In the French period romance “The Princess of Montpensier,” three noblemen fight enemies in France’s Religious Wars while, on the domestic front, they battle one another over their desire for the coveted title character. A fourth soldier, meanwhile, takes the higher ground in war and love.
Combining these potentially cliched dynamics into art-house spectacle, writer-director Bertrand Tavernier delivers freshness, vitality and intelligence. But he doesn’t achieve the emotional resonance essential for a story about l’amour.
Adapted by Tavernier and two co-writers from Madame de La Fayette’s 17th-century novella, the drama depicts male conquest and female compliance, 1562 style, along with the ever-present struggle of duty versus desire. The backdrop of the Protestant-Catholic wars gives rise to galloping horses and clanging swords, and Tavernier, whose credits include “The Clockmaker” and “Life and Nothing But,” also folds in some of his own pacifist and humanist themes. Initially, that’s enough.
Following an impressive opening battle-carnage passage, we shift to a deal, made by two horrid fathers, that calls for the marriage of Philippe (Gregoire Leprince-Ringuet), dutiful prince of Montpensier, and Marie de Mezieres (Melanie Thierry), a financially and physically endowed young heiress. The union’s hardly ideal: The two have never met, and Marie is in love with rugged soldier Henri de Guise (Gaspard Ulliel). And not long after the nuptials, Philippe must return to battle.
Marie begins mentally blossoming after Philippe relocates her to a castle and asks the Comte de Chabannes (Lambert Wilson), his former tutor, to educate her so she can shine in court.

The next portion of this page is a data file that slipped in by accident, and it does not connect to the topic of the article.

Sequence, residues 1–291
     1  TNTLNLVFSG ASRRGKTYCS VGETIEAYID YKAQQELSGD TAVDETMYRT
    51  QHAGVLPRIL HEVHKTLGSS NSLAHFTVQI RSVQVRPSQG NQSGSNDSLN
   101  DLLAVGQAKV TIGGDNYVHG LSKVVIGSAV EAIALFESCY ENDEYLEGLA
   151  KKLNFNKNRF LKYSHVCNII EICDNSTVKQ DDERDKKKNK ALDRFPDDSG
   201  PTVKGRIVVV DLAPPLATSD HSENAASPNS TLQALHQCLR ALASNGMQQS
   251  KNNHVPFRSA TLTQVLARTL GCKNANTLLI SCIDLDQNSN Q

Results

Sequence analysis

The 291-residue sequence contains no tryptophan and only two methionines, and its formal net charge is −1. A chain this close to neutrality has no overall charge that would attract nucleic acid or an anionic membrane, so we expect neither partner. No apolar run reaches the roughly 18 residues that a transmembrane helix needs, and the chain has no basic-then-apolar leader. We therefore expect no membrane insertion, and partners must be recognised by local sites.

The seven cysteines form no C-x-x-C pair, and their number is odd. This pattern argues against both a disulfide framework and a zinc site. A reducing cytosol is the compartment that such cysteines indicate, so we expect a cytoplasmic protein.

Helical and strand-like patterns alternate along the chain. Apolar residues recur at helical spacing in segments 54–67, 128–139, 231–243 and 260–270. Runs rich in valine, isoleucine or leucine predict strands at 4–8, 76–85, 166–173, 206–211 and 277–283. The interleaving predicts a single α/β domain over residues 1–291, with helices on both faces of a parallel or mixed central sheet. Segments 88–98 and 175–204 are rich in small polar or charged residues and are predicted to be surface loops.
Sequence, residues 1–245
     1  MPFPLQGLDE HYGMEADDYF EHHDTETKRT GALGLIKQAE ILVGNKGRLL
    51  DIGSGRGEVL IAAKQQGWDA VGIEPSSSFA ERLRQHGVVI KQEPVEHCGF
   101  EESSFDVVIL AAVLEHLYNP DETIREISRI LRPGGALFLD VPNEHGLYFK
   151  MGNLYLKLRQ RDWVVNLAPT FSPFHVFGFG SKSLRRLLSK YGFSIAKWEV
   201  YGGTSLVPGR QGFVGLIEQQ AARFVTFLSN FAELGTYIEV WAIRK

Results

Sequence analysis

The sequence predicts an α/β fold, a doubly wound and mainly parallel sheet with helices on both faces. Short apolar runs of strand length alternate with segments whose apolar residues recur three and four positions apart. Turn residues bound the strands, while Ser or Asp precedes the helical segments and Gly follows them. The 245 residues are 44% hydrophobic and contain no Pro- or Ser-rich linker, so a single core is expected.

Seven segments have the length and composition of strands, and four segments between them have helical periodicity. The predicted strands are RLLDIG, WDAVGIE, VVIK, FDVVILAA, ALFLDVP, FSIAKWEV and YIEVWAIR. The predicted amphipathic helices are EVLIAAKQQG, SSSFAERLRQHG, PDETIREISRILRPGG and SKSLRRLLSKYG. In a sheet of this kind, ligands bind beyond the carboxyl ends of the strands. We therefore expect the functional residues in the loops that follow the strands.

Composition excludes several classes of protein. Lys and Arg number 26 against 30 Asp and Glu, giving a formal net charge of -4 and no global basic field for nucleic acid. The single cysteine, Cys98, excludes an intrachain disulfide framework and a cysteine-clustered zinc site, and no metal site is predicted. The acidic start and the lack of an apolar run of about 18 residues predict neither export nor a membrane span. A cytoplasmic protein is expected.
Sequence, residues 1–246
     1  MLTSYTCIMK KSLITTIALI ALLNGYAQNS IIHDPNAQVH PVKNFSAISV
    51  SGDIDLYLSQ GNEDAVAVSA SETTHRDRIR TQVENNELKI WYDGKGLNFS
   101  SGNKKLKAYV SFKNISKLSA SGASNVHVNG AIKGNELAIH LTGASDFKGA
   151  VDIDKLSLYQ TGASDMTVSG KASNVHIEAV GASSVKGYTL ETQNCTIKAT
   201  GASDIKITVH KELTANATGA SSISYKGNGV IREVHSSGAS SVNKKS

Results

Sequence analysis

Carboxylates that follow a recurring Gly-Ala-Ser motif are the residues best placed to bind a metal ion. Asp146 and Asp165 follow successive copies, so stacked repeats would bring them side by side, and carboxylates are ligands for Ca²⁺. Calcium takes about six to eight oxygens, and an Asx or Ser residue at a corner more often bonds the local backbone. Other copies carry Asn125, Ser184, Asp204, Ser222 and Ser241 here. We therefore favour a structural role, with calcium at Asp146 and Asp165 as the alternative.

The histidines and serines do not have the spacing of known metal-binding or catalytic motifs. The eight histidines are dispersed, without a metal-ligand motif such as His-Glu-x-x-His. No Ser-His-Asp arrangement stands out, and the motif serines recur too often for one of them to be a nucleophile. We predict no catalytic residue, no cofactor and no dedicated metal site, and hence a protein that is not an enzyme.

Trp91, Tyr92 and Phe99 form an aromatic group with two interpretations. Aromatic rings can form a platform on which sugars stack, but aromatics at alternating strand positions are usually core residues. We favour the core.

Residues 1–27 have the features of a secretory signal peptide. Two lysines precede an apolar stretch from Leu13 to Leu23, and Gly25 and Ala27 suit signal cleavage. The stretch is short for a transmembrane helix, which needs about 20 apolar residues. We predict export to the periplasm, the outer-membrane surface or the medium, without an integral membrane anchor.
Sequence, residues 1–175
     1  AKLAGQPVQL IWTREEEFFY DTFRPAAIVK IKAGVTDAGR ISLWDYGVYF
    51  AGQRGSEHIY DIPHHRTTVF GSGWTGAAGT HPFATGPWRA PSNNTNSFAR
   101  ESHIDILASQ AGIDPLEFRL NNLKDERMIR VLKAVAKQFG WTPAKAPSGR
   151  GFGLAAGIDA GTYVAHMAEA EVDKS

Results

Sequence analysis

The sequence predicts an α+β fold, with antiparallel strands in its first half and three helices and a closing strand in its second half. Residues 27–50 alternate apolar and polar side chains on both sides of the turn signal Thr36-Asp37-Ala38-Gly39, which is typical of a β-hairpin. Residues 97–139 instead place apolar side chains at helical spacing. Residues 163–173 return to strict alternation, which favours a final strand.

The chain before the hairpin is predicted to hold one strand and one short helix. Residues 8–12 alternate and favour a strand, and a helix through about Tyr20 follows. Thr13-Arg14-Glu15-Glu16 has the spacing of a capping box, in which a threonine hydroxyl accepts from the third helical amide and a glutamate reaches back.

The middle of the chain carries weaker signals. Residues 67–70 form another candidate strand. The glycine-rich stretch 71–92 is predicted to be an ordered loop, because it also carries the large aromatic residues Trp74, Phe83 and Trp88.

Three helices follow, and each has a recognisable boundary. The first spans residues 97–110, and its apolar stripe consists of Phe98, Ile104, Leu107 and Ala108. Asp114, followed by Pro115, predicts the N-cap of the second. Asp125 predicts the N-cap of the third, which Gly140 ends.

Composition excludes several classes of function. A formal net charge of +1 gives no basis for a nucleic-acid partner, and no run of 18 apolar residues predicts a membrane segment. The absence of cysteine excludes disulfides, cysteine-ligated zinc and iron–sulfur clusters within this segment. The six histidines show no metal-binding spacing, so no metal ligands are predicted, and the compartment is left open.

Marie proves an eager pupil, and her time spent with de Chabannes — who, sickened by the brutality, has deserted the war — is mutually fulfilling. Complications arise, however, when de Chabannes falls in love with Marie.
De Chabannes doesn’t act on these feelings, but that’s not the case with Henri and powerful king-to-be Duc D’Anjou (Raphael Personnaz) when the two visit the castle. The scenario intensifies when Marie finds herself still in love with Henri. Then, jealous Philippe returns.
Avoiding Hollywood-style melodrama, the film is a treat for the intellect. The dialogue is smart and philosophical. But as the romantic conflict takes hold, the love story needs to affect us. That doesn’t happen.
The problem lies largely with Marie, whose quality of being in a constant state of formation and uncertainty makes her hard to grasp. Thierry, while likable, doesn’t provide enough gravity to make these qualities, along with Marie’s feminist awakening, compelling.
Among the men, Wilson’s de Chabannes stands out. His scenes with Marie contain some of the brightest teacher-student interactions you’ll ever see.
Starring Melanie Thierry, Lambert Wilson, Gregoire Leprince-Ringuet, Gaspard Ulliel
Written by Jean Cosmos, Francois-Olivier Rousseau, Bertrand Tavernier, Madame de La Fayette
Directed by Bertrand Tavernier
Running time 2 hours 19 minutes